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Economic Impacts of International Trade and Domestic Policies on Southern Agriculture
Department of Agricultural Economics
This project examines the factors that are influencing exports of Southern agriculture and how those factors might change in the future. The effects of potential trade liberalization through the World Trade Organization and through bi-lateral or multi-lateral free trade areas involving the US are also analyzed. The effects of economic growth and exchange rate changes are also analyzed so that potential future macroeconomic changes are incorporated into the project.
2009 Project Description
Developing country producers face several constraints related to food safety standards imposed by developed countries. Babool and Reed identify factors affecting export flows with respect to food safety standards and measures the effects of food safety standards on exports. The investigation uses data for processed food exports from 15 countries over 17 years. The empirical results show that a one percent increase in food safety standards decreases exports by approximately one-half percent. Yet economic development in exporting countries can overcome higher food safety standards and will have a dominant effect over time as GDP increases for exporting countries.
Babool, Reed, Saghaian, and Subramaniam test the hypothesis that environmental stringency adversely affects the international competitiveness (net exports) in manufacturing sectors. An econometric model is constructed which includes factor endowments and environmental regulations to examine how strict environmental policies impact export competitiveness. A panel data set of ten OECD countries over seventeen years, 1987-2003, was constructed for the modeling effort. The study finds that environmental regulations can be a way to combat the flight of manufacturing out of developed countries if the output from these industries can be identified as environmentally-friendly. A positive relationship between net exports and environmental regulations was found for paper products, wood products, and textile products. However, most manufacturing industries are harmed by increased environmental regulations.
Song, Marchant, and Reed conduct a competitive structure analysis of the Chinese soybean import market. A two-country partial equilibrium trade model is used to test U.S.-China market power in soybean trade. The empirical result supports the hypothesis that Chinese soybean importers have stronger market power relative to U.S. soybean exporters. Results of this competitive structure analysis imply that the U.S. and South America are seasonal complementary soybean suppliers for China. It seems that the increased availability of South American soybeans throughout the marketing year seems to have allowed more market power for the Chinese.
The implications of Song et al. are that the US must follow policies that reduce Chinese market power in the world soybean market. The US, Argentina, and Brazil have a common interest in developing new and expanding existing markets for soybeans to help combat this market power of the Chinese. More market outlets for soybeans will bring new customers to compete with the Chinese for exported soybeans, reducing the reliance on Chinese imports and possibly shrinking Chinese marketing margins. Babool et al. find that environmental regulations can be a way to combat the flight of manufacturing out of developed countries if the output from these industries can be identified as environmentally-friendly. This regulatory effect is found to be important for products where consumers consider environmental degradation in their purchasing decisions -- wood products, textiles, and paper.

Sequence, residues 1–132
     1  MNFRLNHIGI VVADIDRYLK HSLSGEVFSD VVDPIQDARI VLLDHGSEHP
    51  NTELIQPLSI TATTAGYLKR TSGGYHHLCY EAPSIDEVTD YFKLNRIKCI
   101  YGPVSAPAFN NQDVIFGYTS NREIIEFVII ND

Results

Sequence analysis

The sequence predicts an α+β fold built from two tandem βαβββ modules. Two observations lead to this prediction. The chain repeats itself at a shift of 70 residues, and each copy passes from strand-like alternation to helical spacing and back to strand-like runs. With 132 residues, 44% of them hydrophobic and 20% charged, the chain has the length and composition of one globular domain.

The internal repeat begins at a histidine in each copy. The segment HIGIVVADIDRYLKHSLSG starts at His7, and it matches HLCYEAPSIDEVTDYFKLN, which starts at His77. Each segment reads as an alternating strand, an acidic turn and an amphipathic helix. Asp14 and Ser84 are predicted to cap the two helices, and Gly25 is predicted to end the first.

Babool, Ashfaqul and Michael Reed. The Impact of Environmental Policy on International Competitiveness in Manufacturing. Applied Economics 41 (2009): (www.informaworld.com/10.1080/00036840701858026)
Babool, Ashfaqul, Michael Reed, Sayed Saghaian, and Vijay Subramaniam, Food Safety Standards and Export Competitiveness in the Processed Food Industries of Asia-Pacific Countries. Journal of International Agricultural Trade and Economic Development. 5 (2009) No. 1: 1- 10.
Saghaian, Maynard, and Reed. The Importance of Context in Determining Consumer Response to Food Safety Events: The Case of Mad Cow Disease Discovery in Canada, Japan, and the United States. In Outsourcing, Teamwork, and Business Management. Edited by Karl Carettas. Management Science Theory and Applications Series, Nova Publishers. 2009.
Salim, Juma, Sayed Saghaian, and Michael Reed. Trade Effects of Phytosanitary Protocols on the U.S.-India Almond Trade. Journal of Food Distribution Research 40 (2009): 159-64.
Song, Baohui, Mary Marchant, and Michael Reed. Market Power and Competitive Analysis of China's Soybean Import Market. International Food and Agribusiness Management Review 12 Issue 1 (2009): 21-42.
Subramanian, Vijay, Sayed Saghaian, Leigh Maynard, and Michael Reed. Sectoral Growth Interdependencies and the Role of Agriculture in Poland and Romania. Journal of Food Distribution Research 40 (2009):165-73.
Tondel, Fabien. International Trade and Industrial Geography. Ph.D. 2009.